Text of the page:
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Why I converted to Catholicism – Aussie Nationalist Blog

Posted by M. C. on January 28, 2021

The coronavirus pandemic had manifested our inherent disposition towards truth and ultimate authority. Despite the collapse of religious belief, people continue to place complete trust in perceived truths and sources of authority higher than their subjective selves. But rather than a priest as the source, this authority is now sought out from the mainstream media, the trending page on Twitter, along with compliant politicians and medical ‘experts’.

While this phenomenon is not an argument directly in favour of Catholicism, it does imply the truth is real and can be found in something specific. This specific truth, in my submission, exists in the Catholic faith.

Aussie Nationalist

Late last year I converted to Catholicism out of a firm belief in its truth. As such, I will below outline the logical basis for this conclusion.


But first, a disclaimer: I only seriously began considering this field two years ago and have no particular expertise in Christian or Catholic apologetics. In evaluating the truth claims of Catholicism, as opposed to this post, it would be more instructive to read the works of those who have studied this field for decades. To this end, at the bottom of the post, I will list those books that tangentially influenced my conversion; directly influenced my conversion; and provided spiritual as well as intellectual guidance during the conversion and immediate aftermath.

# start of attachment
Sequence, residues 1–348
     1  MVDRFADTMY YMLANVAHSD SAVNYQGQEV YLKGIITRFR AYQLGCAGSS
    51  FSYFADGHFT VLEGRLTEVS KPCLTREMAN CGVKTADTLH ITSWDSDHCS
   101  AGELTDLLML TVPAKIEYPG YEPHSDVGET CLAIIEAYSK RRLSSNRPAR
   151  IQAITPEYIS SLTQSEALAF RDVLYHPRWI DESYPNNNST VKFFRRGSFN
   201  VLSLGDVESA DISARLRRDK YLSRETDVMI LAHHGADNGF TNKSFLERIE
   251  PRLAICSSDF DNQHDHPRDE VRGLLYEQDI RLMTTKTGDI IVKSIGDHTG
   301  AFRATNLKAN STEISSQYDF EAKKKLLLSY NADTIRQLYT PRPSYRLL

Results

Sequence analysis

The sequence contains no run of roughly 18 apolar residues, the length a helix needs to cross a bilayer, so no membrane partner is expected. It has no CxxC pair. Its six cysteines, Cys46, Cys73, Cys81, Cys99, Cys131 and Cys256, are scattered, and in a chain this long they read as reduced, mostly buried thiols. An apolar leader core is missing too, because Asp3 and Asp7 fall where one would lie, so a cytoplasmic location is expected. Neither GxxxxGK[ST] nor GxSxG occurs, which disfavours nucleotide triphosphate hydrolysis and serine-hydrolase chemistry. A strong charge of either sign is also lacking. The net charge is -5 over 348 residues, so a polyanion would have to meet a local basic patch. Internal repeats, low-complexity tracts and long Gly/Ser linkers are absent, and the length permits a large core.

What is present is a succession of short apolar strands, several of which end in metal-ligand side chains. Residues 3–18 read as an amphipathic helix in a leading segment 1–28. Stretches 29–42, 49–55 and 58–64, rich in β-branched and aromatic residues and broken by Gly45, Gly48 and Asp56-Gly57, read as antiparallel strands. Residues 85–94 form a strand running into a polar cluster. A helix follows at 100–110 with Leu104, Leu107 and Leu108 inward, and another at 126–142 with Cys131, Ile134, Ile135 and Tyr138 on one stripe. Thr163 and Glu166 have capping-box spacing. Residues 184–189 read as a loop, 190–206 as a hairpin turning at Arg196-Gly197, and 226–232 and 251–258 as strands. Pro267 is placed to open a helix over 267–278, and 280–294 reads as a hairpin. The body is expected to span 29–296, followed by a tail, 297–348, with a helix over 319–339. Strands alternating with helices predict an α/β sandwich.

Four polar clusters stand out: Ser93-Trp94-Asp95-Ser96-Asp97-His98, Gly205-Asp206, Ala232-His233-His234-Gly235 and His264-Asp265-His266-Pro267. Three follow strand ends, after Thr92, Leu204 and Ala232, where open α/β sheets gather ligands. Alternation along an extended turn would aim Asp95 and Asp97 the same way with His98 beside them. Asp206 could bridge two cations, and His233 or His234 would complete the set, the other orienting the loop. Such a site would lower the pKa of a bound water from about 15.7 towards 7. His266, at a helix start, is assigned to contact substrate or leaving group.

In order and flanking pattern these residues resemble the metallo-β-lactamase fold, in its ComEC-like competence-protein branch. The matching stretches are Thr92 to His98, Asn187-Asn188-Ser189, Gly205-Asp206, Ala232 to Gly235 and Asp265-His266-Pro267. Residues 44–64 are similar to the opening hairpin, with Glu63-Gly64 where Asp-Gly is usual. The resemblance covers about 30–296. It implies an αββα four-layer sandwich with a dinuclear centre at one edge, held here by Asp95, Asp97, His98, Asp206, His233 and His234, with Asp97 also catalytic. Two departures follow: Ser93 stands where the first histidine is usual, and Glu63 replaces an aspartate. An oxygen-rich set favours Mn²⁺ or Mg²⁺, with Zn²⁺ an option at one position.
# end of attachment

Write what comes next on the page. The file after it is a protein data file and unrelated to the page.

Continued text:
This want of expert knowledge is why in parts below, rather than bungling intricate theological concepts, I simply refer to the works of expert authors for a more comprehensive explanation. This is only a personal account from a recent convert; by no means is it a claimed authority on all the good reasons in support of Catholic truth.

Also and to be sure, unaided reason is insufficient by itself for inducing a conversion. Rather, to accept the foregoing arguments at least two preconditions must be fulfilled. The first of these is an open heart; the second, an understanding that Catholicism (or religious belief more generally) can bring tangible life benefits. Absent the fulfillment of these conditions in any atheist reader, the below arguments will be most certainly dismissed. 


There are three grounds on which I came to believe in the truth of Catholicism. These included:

1. There exists a monotheistic God who is the ultimate cause of all things.

2. Jesus Christ is the Son of God, Christianity is true.

3. Catholicism is the true expression of Christianity.

Below, I will set out the main points in support of these three grounds. It is submitted that these points, considered *cumulatively*, prove the truth of each ground beyond reasonable doubt. Meaning, that when all of the points under each respective ground are considered together, their collective explanatory value renders each ground true. From the fulfillment of grounds 1, 2 and 3, logical necessity dictates Catholicism to be the true religion.

Ground one: There exists a monotheistic God who is the ultimate cause of all things

1. The Five Ways:

See the rest here